Following on from our last post about bankruptcy proceedings, Court action against corporations in 2020 also saw the introduction of new legislation to temporarily protect insolvent businesses.
Among these laws, the threshold amount of a debt owing to a Creditor entitled to issue a Statutory Demand under the Corporations Act 2001 (Cth) was increased from $2,000 to $20,000. Together with this change, the time to comply with the Statutory demand was increased from 21 days to 6 months. The implications of these changes adversely affected creditors, unable to move on winding up the debtor for 6 months from the date the Statutory Demand was served.
The most interesting temporary amended was that Directors of Corporations were relieved of their duty to prevent insolvent trading duties. Section 588G of the Corporations Act 2001 (Cth) provides that directors owe a fiduciary duty to the Company to prevent it from trading whilst insolvent. During the period these amended laws were in force, directors were pardoned from this duty and were able to continue trading even if insolvent.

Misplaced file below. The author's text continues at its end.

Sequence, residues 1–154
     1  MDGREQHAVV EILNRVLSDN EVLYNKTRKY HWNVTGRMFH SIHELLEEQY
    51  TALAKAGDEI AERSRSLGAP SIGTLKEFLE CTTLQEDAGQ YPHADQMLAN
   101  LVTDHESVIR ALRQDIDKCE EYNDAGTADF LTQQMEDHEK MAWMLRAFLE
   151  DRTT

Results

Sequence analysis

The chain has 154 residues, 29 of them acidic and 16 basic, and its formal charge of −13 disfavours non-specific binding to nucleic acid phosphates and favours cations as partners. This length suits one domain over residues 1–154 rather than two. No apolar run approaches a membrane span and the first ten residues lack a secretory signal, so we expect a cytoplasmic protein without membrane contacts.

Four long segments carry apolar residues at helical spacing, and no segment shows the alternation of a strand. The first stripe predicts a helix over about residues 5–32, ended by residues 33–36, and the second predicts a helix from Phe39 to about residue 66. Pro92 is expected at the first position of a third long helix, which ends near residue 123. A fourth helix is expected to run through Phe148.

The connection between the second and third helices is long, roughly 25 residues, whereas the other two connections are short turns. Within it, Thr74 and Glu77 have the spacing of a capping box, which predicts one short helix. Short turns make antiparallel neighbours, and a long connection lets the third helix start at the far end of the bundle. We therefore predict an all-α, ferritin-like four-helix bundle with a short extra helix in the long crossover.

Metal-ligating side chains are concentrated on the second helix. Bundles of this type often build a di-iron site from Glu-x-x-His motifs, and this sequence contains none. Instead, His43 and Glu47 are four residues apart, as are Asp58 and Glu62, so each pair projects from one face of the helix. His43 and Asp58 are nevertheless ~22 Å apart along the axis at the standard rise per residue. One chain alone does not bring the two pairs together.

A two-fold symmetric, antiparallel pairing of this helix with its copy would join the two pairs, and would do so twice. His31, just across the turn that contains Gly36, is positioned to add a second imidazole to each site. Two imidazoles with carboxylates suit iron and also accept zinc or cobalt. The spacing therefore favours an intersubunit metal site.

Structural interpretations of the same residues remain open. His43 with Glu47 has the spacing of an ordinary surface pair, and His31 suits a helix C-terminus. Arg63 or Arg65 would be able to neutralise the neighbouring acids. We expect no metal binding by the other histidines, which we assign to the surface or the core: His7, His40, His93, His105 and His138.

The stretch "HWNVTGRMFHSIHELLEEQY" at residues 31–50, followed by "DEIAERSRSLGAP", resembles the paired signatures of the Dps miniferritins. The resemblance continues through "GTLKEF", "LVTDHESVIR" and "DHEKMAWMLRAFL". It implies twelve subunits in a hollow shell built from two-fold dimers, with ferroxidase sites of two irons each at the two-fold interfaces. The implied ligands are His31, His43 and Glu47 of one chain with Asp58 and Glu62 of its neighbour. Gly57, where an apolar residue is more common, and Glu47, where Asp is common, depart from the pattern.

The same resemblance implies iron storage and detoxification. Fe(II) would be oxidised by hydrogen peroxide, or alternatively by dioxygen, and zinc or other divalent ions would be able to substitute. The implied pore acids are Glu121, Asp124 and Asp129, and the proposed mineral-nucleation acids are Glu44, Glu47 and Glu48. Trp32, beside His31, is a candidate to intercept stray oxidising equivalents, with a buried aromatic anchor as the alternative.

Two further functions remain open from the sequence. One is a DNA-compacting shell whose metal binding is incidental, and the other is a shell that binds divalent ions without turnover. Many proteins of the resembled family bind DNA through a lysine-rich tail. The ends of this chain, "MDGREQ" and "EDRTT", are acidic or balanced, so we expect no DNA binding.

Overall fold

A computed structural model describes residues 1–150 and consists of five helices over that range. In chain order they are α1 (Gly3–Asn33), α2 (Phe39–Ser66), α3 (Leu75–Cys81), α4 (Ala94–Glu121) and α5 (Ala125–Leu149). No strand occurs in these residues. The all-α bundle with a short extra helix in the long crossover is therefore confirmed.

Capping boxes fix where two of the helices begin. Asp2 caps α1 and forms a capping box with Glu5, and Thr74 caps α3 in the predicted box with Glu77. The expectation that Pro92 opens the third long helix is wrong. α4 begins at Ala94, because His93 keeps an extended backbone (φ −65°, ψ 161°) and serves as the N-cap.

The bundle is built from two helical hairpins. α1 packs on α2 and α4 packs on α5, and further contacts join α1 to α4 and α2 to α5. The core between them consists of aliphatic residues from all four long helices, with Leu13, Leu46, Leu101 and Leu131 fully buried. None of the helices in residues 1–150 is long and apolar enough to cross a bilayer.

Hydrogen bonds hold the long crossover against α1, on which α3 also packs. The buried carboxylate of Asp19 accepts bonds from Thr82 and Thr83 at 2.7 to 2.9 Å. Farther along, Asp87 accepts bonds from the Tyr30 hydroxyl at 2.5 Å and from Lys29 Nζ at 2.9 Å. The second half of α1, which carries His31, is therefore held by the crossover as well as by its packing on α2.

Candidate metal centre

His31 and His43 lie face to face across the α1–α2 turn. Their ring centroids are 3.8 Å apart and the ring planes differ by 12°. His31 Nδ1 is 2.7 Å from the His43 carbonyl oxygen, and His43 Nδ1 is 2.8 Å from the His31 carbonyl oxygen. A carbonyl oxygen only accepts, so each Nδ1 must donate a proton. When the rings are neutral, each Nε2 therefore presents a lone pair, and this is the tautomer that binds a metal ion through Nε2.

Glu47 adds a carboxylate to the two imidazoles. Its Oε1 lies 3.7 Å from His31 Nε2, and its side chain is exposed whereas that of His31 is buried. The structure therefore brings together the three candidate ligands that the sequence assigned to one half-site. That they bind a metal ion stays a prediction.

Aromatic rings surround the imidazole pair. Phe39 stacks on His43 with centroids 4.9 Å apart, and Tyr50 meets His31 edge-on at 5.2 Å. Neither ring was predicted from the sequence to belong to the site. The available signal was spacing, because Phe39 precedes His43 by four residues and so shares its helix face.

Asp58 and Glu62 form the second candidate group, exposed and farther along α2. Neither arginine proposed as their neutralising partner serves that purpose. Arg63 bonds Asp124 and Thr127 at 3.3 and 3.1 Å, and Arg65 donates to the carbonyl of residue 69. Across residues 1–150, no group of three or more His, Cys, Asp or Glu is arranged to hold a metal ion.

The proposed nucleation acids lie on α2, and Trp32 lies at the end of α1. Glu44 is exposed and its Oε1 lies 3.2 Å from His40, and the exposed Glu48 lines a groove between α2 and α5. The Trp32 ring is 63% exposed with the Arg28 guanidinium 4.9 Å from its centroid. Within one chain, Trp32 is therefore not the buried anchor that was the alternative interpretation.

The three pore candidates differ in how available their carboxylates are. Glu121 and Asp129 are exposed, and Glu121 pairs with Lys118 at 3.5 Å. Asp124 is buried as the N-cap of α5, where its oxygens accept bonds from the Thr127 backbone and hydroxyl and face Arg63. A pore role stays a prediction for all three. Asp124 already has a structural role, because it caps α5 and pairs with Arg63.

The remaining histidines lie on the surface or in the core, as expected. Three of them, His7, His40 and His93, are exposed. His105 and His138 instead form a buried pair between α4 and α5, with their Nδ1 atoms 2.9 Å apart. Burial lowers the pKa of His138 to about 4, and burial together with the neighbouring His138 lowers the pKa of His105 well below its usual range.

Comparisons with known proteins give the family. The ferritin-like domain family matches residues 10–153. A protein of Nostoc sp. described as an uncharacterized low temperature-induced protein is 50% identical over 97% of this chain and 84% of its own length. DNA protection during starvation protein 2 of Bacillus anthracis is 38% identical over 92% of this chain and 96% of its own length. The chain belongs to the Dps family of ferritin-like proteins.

As of 1 January 2021, these amendments were repealed, meaning most wind-up provisions have returned to their status prior to COVID-19.
This means that Statutory Demands may again be issued for debts in excess of $2,000, with debtors only entitled to 21 days to respond prior to a wind-up application being made. To protect creditors from engaging with insolvent companies, the Section 588G duty to prevent insolvent trading is again in force, meaning directors no longer can rely on temporary COVID-19 safe-harbour provisions.
To find out how you can recover money outstanding from a debtor, please contact our office, who is ready to assist on (02) 9281 0013, or submit an enquiry via our Contact page.